This final vignette is told by a first-person narrator who walks through a garden with the king and is introduced him to the queen. The king orders whiskey and soda and tells the narrator that the revolutionary committee will not let him outside the palace grounds. He says that Plastiras is a good man who did the right thing in shooting those men. If Kerensky had a shot a few people, things could have been different. The most important thing is, obviously, not to be shot oneself.
The narrator says that this was a very "jolly" time. Like all Greeks at the time, he wanted to go to America.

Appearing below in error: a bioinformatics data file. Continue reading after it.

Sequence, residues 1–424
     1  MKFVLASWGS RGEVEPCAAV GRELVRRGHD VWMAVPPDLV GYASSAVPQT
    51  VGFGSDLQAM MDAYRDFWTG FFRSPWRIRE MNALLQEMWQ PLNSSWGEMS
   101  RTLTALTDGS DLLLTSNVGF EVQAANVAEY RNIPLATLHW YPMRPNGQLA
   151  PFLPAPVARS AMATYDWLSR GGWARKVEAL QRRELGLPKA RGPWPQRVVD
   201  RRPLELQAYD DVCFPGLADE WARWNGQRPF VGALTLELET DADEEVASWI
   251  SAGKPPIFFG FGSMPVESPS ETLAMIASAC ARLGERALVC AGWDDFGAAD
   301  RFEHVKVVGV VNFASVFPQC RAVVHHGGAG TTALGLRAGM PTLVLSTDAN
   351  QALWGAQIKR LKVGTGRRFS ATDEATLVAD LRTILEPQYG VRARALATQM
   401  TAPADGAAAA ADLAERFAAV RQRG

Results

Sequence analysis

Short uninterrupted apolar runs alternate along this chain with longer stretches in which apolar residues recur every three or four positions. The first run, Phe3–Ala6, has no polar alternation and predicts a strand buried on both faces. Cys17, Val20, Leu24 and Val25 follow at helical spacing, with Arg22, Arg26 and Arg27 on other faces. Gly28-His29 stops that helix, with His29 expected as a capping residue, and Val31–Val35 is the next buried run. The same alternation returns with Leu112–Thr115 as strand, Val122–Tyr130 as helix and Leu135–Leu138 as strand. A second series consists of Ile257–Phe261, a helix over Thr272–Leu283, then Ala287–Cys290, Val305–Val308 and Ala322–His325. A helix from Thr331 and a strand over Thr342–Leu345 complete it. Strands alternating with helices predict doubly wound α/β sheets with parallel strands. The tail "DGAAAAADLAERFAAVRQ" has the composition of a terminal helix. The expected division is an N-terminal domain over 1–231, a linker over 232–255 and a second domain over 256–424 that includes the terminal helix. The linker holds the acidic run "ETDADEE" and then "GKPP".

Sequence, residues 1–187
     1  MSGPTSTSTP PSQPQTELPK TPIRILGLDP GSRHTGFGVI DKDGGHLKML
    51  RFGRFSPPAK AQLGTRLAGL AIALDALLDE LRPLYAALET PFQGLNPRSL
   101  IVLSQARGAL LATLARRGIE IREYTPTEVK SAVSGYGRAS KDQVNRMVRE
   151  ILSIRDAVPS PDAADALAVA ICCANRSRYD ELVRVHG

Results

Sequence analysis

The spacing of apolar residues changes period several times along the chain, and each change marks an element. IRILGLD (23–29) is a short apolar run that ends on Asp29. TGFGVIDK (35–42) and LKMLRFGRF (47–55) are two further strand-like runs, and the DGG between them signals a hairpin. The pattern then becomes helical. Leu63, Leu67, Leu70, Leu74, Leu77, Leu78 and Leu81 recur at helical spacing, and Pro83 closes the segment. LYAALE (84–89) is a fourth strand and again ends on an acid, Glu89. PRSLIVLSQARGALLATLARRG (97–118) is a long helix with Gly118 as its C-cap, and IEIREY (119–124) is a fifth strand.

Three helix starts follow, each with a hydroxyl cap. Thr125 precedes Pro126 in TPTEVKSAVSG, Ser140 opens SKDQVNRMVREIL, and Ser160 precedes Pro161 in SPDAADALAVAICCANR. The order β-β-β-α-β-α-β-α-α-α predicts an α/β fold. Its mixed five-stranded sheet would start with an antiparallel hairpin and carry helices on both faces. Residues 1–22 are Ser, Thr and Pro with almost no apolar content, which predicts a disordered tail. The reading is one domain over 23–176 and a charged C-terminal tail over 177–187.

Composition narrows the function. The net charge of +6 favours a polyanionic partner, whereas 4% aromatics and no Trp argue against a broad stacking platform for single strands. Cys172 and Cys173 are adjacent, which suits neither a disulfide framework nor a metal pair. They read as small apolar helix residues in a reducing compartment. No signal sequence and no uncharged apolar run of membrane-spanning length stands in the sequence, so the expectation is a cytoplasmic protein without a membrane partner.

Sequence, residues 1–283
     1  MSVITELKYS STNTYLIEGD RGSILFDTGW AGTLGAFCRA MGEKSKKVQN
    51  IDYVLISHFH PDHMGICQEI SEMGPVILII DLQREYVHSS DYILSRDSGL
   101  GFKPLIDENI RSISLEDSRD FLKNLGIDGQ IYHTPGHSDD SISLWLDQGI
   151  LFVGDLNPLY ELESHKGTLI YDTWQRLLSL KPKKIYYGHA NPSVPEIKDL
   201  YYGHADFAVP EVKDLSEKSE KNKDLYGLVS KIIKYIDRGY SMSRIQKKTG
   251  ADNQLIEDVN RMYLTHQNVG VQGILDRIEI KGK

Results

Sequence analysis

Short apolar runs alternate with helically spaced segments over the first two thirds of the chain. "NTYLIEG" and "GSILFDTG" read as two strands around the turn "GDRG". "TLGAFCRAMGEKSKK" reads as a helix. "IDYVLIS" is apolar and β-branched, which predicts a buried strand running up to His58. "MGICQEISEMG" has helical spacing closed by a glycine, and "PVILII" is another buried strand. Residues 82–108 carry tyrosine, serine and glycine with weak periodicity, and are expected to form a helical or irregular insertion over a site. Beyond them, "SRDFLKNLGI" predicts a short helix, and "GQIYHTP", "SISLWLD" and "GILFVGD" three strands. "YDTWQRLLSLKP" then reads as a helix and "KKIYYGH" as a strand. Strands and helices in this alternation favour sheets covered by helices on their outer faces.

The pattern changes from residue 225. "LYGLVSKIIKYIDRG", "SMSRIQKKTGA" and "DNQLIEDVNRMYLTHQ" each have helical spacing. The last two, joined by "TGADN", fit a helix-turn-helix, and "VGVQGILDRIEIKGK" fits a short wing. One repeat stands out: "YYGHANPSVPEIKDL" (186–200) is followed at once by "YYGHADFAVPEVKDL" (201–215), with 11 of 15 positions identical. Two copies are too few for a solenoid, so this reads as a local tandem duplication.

The most striking part of this short final vignette is the king's distance from death and violence. He talks about these things like mere academic subjects. His social status contrasts with the other figures in the book, suggesting the detachment of politicians and dignitaries, who declare and manage a war, from those who actually fight in the war. The king normally does not have to suffer war's devastating consequences.